What Do We Need to Know About ADHD?
Maybe you have noticed your child being fidgety and displaying much more energy than other children. The reason for all of these behaviors is because of a mental disorder called ADHD. To ensure a proper diagnosis will better help your child in school as well as in life.
What is ADHD?
ADHD stands for Attention Deficit Hyperactivity Disorder. It is a childhood neurological disorder and can continue through adulthood. Some symptoms fade over time or can be expressed differently. According to Mental Help, it is considered the most common childhood disorder with 3-7% of children having it. You can have trouble focusing, trouble keeping still and act without thinking.
What are the symptoms of ADHD?
Symptoms include not being able to pay attention, talkativeness, fidgeting, being distracted, constantly interrupting others, shifting from one activity to another, forgetfulness, and having trouble organizing. This disorder is different than a child simply misbehaving in which it is long-term, severe, can impair everyday functioning, and must occur in more than one environment like challenges in school, family, peers, etc.
Can ADHD be treated with medication?
Yes. There are stimulants such as Ritalin, Concerta, Adderall, Adderall XR, Vyvanse, and Focalin XR to increase the brain chemical dopamine which helps with thinking and paying attention. Non-stimulants such as Strattera, Intuniv, and Welbutrin may take longer to work but can help improve focus, attention, and impulsivity if stimulant drugs do not work. Antidepressants can be used for symptoms of ADHD or if you also have anxiety, depression or another kind of mood disorder on top of ADHD.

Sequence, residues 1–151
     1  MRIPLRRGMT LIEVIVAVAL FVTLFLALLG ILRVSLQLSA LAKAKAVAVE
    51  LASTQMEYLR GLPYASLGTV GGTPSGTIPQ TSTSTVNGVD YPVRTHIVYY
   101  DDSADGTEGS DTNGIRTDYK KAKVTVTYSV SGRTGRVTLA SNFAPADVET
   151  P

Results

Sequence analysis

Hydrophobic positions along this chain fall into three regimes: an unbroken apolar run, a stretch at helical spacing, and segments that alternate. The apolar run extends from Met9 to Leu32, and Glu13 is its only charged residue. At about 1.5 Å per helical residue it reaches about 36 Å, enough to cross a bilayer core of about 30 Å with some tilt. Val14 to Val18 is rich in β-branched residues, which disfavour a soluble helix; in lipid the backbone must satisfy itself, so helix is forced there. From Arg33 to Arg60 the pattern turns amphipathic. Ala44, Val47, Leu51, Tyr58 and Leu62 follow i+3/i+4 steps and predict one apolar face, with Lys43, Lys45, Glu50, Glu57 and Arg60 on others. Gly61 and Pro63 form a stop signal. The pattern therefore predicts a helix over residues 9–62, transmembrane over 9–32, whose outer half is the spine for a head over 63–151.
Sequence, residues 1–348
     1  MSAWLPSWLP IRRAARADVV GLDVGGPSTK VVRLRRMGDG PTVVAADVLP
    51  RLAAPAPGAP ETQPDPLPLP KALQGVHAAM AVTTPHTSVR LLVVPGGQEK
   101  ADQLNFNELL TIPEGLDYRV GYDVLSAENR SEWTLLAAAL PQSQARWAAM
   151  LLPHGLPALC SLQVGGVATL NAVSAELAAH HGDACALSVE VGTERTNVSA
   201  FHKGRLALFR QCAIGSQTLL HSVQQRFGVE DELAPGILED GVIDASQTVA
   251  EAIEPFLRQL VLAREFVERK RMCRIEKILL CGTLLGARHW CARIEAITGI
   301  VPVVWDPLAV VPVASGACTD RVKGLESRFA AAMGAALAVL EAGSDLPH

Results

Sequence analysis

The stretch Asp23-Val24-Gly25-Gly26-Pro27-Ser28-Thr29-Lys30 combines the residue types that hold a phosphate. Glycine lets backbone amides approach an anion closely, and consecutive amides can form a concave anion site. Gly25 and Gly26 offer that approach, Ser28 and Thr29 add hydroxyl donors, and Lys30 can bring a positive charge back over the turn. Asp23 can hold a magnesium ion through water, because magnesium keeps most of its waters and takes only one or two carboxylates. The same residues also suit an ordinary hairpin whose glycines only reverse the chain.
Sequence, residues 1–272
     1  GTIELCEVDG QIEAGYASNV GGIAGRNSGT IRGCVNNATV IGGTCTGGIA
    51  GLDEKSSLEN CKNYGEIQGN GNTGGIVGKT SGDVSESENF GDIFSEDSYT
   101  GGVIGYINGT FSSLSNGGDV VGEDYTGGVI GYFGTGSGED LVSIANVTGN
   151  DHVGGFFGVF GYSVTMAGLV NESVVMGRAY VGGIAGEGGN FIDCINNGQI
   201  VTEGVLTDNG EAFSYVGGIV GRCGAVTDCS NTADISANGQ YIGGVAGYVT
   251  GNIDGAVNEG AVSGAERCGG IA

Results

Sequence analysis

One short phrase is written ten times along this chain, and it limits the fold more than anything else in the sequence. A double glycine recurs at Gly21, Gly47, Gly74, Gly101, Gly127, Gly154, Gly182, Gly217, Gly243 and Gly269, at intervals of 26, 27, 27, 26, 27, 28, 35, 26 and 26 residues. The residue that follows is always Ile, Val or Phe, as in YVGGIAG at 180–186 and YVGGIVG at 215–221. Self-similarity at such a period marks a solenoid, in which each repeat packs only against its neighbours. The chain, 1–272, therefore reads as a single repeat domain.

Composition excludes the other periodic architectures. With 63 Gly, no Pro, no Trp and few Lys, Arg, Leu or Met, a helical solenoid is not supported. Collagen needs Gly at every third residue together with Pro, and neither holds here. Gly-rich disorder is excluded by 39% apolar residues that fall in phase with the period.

What causes ADHD?
ADHD can be passed down from our family through their genes. Another link can be when mothers smoke cigarettes and drink alcohol during pregnancy. Children that are surrounded by lead from plumbing or paint in old buildings can develop a high risk of ADHD. Traumatic brain injuries can result in exhibiting ADHD symptoms. A lack of omega 3s as well as diets high in fat, sugar, or sodium can result in ADHD.
What kind of therapy helps with ADHD?
Behavioral therapy can help you learn how to organize tasks, schoolwork, or working through emotional events that are hard to handle. It can also teach you how to monitor behavior and give rewards after displaying good behavior. Behavioral therapy can also help with social skills, facial expressions, your tone of voice, and how to respond appropriately. Cognitive Behavioral Therapy can help you be aware of and accepting of your thoughts and feelings as well as improving focus and concentration. Family and marriage counselling can help you and your spouse or relative handle bad behavior, improve interactions, and encourage changes in behavior.